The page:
By China Daily
Asia News Networks
The AIIB Board of Governors approved on Saturday the applications of three African countries — Benin, Djibouti and Rwanda — at the bank's annual meeting in Luxembourg. This would bring the total number of AIIB members to 100, including 70 whose memberships have been ratified by their parliaments.
"AIIB members collectively account for 78 percent of the world's population and 63 percent of global GDP. With the backing of all of our members, we are building a lean, clean and green institution that can help to support their sustainable development," Jin said.
Finance Minister Liu Kun said at the meeting on Saturday that he hopes the AIIB will give play to its own advantage as a multilateral development bank to link its strategy with the development blueprints of its members, the Belt and Road Initiative and the Connecting Europe and Asia Strategy of the European Union.
"China, an AIIB shareholder and a country that hosts AIIB's head office, will continue to support the bank's development," Liu said.
Liu suggested that AIIB come up with an overall strategy based on previous operating experiences to guide its further development, its features, new trends of global growth and the diversified requirements of members.
Uzziel Ndagijimana, Rwanda's minister of finance and economic planning, called AIIB "a great bank".
"We are happy to join as the 100th member. We are looking forward to not only having fruitful cooperation with the bank, but also with the member countries to promote infrastructure and promote trade and investment between Asia and Africa," he said on Saturday.
The three new prospective nonregional members will officially join AIIB once they complete the required domestic processes and deposit the first capital installment with the bank.
At the annual meeting, the first held outside of Asia, Luxembourg Finance Minister Pierre Gramegna praised AIIB as "arguably the most modern and international financial institution in the world".
"The bank has emerged as a beacon of multilateralism while surpassing expectations of growth," he said. Luxembourg was the first European nation to join the AIIB, as the United States government was trying to lobby European countries not to join the multilateral development bank initiated by China.
Gramegna said membership of European members has been beneficial for both European and Asian countries, especially given the AIIB's motto of being lean, clean and green. "Looking at the results of the past three and a half years, we can all be very pleased with what has been achieved, both in terms of financial operations and the quality of the work that has been done," he said.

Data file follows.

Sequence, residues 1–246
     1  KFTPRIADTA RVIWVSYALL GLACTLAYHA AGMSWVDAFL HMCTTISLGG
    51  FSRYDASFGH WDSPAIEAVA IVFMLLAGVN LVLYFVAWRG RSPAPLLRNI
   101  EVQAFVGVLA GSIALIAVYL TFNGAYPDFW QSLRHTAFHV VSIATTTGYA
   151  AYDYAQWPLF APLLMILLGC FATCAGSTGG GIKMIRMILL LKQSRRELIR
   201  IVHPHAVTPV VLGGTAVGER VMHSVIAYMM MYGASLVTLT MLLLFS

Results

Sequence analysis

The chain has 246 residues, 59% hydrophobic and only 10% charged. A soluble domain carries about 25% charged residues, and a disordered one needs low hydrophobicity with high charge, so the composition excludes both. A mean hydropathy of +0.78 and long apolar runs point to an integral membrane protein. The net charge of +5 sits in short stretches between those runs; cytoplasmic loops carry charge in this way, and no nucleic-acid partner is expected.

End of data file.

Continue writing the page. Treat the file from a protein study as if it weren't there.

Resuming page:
Since January 2016, the AIIB has provided $8.5 billion in loans to 45 projects in 18 member countries, many in renewable energy and green infrastructure. It also has received the highest credit ratings from the world's three biggest rating agencies — Standard & Poor's, Moody's and Fitch Group. In May, the AIIB's five-year dollar bonds drew investors from dozens of countries.
Jin said the bank has a good working relationship with other multilateral development banks such as the World Bank, Asian Development Bank and European Bank for Reconstruction and Development. "We set the bar at the par with other multilateral development institutions and other institutions, so we can work together," he said. "We are happy to see that we are recognized as such a bank."
But he also said there is no room for complacency. "We are the new kid on the block, and we have a lot to learn from our sister institutions," he said.
Jin said people should take a realistic view, that it takes time to help developing countries in their transition from high-carbon to low-carbon to zero-carbon economies. "So it's really a very tough job. And we are doing our very best," he said in response to criticism that AIIB is not doing enough.
The two-day annual meeting had some 30 sessions, including on climate change, debt sustainability, digital connectivity and private equity for sustainability infrastructure.
The bank's next annual meeting will be held in Beijing in 2020, the AIIB Board of Governors announced on Saturday. Liu, the finance minister, was elected chairman of the fifth Board of Governors.
By the end of 2018, the AIIB's total investment had reached $7.5 billion, up from $4.196 billion a year earlier, according to the AIIB's annual report released on its website.
Moody's affirmed the bank's rating of Aaa with a stable outlook in March. "AIIB will maintain the health of its stand-alone credit metrics beyond its initial growth phase into the next decade," the agency said.